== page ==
~welt/murse

e57770c4e95d351ce6f6151ee3f292b4621d5f60 — welt 19 days ago e2523ab
Fix download not ending, add benchmarks to README
2 files changed, 42 insertions(+), 11 deletions(-)

M README
M jobs.go
M README => README +29 -5
@@ 9,23 9,47 @@ backend to get around these limitations.

FEATURES:

Static builds:
This program uses pure-Go libraries. You can build purely static builds,
which means that deploying is simply a matter of copying the binary to
your server, and running it.
Updates:
Updating is much quicker as we only download the different files
between your currently installed revision and the latest one

Lightweight:
Lightweight and fast:
Since this is written in a compiled, lower level language, murse is
much faster than the Python implementation. It's been designed to be
quicker too, adjustments have been made that make is significantly
speedier.

According to my benchmarks, murse took about half the time to install
Open Fortress that ofatomic did. I ran both of these with eight threads
on a Ryzen 2700x with 16GB of RAM. I used the coreutils time command to
measure these. No other programs were running on the disk.

Although, ofatomic has an unfair advantage, because it crashed with
an error extremely close to the end (as in a hundred megs off).

"real" is the actual reaL world time it took.

ofatomic:
real    16m15.630s
user    1m32.739s
sys     0m22.652s

murse:
real    8m22.129s
user    1m28.769s
sys     0m33.338s

Cross-platform:
Of course, we have the usual suspects (Windows, Linux) but we also
support other operating systems, like FreeBSD. Hypothetically this will
run anywhere Go can. Although I'm not sure why you would want this
on NetBSD or something.

Static builds:
This program uses pure-Go libraries. You can build purely static builds,
which means that deploying is simply a matter of running the binary. No
more Python and Pip annoyances!

Compatability:
We try to include flags such that murse is backwards compatible with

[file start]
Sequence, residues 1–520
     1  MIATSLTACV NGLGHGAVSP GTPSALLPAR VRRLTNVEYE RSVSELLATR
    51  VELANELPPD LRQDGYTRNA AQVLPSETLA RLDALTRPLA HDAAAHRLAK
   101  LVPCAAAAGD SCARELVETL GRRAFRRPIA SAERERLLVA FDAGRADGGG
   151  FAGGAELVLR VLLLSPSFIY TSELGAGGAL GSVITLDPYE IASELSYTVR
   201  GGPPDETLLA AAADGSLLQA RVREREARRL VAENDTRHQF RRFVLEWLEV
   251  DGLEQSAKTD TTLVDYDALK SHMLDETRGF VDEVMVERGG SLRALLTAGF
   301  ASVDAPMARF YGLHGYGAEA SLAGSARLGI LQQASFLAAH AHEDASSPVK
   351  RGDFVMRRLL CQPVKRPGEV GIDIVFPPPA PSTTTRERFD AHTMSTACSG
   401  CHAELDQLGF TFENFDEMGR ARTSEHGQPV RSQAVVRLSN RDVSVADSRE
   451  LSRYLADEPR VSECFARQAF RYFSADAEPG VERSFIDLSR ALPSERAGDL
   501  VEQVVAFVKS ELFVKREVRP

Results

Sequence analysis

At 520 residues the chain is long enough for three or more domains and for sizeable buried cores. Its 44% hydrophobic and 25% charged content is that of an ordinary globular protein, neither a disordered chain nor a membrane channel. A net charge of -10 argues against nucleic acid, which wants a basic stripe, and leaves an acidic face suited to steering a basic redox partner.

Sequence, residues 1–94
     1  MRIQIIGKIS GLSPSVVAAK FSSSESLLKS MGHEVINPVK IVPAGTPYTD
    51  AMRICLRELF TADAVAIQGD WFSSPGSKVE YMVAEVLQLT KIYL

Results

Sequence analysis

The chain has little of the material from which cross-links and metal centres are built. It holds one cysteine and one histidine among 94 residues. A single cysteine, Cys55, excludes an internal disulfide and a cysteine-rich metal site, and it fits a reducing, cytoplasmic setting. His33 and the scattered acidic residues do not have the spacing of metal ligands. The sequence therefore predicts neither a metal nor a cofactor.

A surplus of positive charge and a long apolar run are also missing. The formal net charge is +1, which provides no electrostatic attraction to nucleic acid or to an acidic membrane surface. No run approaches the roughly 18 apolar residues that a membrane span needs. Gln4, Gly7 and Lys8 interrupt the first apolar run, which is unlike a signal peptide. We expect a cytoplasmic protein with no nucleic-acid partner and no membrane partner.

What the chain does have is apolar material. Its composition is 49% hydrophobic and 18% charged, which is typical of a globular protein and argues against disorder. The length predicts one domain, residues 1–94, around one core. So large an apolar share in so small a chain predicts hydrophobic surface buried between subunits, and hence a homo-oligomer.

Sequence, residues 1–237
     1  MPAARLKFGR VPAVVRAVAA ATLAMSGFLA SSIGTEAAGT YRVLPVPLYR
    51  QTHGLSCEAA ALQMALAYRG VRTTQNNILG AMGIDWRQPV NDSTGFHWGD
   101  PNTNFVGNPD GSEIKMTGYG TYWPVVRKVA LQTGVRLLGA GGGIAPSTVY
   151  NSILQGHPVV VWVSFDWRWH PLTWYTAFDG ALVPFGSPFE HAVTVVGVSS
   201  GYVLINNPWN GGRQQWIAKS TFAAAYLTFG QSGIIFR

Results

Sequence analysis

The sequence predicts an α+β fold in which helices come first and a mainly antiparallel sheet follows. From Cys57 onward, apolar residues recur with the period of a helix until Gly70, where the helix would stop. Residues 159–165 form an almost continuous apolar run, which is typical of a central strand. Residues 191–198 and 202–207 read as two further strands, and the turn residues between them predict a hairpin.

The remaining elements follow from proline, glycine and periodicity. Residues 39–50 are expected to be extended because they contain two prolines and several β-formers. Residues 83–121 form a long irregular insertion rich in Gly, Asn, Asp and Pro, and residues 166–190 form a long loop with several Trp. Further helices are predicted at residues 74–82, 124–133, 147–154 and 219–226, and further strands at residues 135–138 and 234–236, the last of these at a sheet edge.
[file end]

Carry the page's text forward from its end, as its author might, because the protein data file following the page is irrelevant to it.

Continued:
scripts for ofatomic. There are some dummy flags though, because we

M jobs.go => jobs.go +13 -6
@@ 46,7 46,7 @@ func startDownloadVerify(files map[string]string, lfiles map[string]string) (boo
	}()

	// We're going to pause so that all jobs will be submitted by the time
	// any errors will occur
	// any errors will occur (when it starts)
	pctx, c := context.WithCancel(context.Background())
	wp.Pause(pctx)



@@ 57,12 57,13 @@ func startDownloadVerify(files map[string]string, lfiles map[string]string) (boo
			lv = &s
		}

		{
			// new scope since we're dealing with a closure
		{ // new scope since we're dealing with a closure

			// set variables within our scope to the outside one.
			k := k
			v := v
			lv := lv

			f := func() {
				err := downloadAndVerify(k, v, lv)
				if err != nil {


@@ 77,8 78,8 @@ func startDownloadVerify(files map[string]string, lfiles map[string]string) (boo
				}
			}
			wp.Submit(f)
			// end scope
		}

		} // end scope
	}

	// Unpause


@@ 90,8 91,14 @@ func startDownloadVerify(files map[string]string, lfiles map[string]string) (boo
	go func() {
		// hack, I'm going to fork the worker library so that
		// we can wait for a worker pool to stop instead of finish
		// its tasks using a function like WaitStop
		// its queue using a function like WaitStop
		for {
			if wp.WaitingQueueSize() == 0 && !wp.Stopped() {
				wp.Stop()
				donec <- true
				return
			}

			if wp.Stopped() {
				donec <- true
				return